Britain has announced plans to end the fixed retirement age next year, saying it wanted to give people the chance to work beyond the age of 65.
Currently, it is entirely at the employers’ discretion to allow staff to continue in a job after their 65th birthday.
Supporters have hailed the move as a victory against ageism.
Mervyn Kohler from Age UK said: “There are lots of people who want to carry on working whose aspirations have been blocked by this completely arbitrary ‘Default Retirement Age’.”
But not everyone is happy. Business groups have said the law will create uncertainty, adding the proposed changes have left business little time to prepare.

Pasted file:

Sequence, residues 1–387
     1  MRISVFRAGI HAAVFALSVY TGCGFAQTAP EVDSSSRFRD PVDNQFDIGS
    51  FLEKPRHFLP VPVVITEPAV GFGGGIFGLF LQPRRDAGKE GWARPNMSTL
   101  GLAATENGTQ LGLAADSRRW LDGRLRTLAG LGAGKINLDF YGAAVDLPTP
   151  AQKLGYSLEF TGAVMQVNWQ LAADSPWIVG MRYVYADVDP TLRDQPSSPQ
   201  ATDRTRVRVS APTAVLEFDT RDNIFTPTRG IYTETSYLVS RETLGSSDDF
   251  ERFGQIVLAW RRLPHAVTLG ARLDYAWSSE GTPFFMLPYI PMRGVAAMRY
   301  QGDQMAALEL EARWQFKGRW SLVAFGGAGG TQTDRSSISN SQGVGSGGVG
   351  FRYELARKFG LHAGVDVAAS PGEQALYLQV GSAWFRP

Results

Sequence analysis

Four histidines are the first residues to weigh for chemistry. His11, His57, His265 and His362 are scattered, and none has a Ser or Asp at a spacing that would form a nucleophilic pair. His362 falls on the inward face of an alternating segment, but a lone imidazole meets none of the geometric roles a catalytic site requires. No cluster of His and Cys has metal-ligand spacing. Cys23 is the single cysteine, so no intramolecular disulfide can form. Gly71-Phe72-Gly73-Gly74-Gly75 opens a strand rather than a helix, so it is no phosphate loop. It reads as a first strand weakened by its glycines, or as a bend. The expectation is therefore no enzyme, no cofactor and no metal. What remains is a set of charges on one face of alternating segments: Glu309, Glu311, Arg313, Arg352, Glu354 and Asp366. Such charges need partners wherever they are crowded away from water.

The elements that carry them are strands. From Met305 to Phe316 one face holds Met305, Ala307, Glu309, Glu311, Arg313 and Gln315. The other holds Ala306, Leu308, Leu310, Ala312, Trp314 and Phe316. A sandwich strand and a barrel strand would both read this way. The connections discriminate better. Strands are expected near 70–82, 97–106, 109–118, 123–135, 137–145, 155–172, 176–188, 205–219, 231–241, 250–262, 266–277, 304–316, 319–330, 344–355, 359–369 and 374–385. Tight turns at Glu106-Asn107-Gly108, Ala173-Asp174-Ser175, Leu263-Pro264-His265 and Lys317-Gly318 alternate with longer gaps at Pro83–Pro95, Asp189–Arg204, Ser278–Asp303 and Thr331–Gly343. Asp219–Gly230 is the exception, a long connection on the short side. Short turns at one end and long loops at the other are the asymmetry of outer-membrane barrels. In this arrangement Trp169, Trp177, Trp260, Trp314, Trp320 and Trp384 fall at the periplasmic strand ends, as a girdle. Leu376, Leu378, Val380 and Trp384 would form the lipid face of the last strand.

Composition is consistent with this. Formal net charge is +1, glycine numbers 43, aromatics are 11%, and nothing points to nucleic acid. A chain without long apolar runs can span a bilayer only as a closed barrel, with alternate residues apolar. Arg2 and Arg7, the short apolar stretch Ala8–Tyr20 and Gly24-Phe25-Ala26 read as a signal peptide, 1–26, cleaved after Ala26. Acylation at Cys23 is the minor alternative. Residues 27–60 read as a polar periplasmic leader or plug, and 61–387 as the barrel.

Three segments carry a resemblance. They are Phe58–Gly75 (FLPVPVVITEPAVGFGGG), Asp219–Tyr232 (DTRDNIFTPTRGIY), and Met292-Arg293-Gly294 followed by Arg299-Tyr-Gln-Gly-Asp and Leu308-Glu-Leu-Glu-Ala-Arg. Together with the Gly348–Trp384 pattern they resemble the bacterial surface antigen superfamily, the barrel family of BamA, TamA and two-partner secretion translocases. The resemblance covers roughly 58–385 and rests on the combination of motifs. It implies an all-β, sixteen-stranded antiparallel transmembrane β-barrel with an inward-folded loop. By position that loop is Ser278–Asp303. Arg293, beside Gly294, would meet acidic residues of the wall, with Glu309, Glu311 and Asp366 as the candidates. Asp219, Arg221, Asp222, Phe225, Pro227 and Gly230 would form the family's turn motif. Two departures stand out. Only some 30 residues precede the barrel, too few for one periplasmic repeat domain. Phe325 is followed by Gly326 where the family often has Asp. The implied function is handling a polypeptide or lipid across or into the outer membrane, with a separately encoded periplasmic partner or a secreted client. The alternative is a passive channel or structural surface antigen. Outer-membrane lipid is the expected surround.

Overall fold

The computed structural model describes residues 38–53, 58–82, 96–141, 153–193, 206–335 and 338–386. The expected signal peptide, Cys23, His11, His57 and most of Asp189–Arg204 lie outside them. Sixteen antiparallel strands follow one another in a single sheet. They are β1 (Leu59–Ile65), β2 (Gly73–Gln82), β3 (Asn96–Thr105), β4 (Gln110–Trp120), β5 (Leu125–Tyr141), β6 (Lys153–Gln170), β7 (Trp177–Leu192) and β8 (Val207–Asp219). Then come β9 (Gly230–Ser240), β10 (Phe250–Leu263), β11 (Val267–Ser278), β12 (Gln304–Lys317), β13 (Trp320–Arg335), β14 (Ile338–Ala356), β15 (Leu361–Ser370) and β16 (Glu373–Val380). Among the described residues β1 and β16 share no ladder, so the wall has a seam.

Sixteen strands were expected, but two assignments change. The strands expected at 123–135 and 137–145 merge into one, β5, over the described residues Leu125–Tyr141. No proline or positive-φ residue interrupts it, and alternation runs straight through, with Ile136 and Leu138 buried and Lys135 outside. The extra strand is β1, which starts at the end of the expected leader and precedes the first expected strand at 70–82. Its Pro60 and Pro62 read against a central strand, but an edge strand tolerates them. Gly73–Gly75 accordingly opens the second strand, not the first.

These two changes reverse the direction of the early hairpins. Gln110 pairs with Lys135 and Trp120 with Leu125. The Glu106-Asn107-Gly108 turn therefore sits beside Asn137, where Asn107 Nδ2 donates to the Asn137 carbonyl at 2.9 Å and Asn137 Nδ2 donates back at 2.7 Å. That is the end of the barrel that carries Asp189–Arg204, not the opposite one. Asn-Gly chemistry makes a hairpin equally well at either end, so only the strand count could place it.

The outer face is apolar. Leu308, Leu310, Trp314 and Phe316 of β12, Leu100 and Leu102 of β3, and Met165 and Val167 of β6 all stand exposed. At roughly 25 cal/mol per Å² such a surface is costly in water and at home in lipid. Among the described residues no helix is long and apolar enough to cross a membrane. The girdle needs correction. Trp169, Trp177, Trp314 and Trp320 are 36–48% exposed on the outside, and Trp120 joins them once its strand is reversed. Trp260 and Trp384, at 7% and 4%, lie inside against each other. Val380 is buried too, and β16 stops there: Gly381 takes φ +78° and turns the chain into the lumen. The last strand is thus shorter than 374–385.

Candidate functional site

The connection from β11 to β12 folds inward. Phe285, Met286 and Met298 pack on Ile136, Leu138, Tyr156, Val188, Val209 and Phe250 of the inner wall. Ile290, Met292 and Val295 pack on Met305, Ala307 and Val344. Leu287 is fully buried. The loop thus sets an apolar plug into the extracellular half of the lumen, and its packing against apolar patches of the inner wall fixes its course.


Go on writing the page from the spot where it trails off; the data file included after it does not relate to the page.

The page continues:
Katja Hall, from the Confederation of British Industry said: “Our theory is that they (people over 65) will keep on going – perhaps they haven’t saved enough for their pensions – so they feel they have no choice but to keep on going. And the employer is left in a very difficult situation where they either have to start performance managing that individual, which is not a pleasant process, or just keep them on when they’re not really performing in their job.”
With Britain needing to cut public spending to rein- in a record budget deficit, the move is being seen by some as a ploy to raise more tax.
However, the government has said this will allow people more choice as they live longer and healthier lives.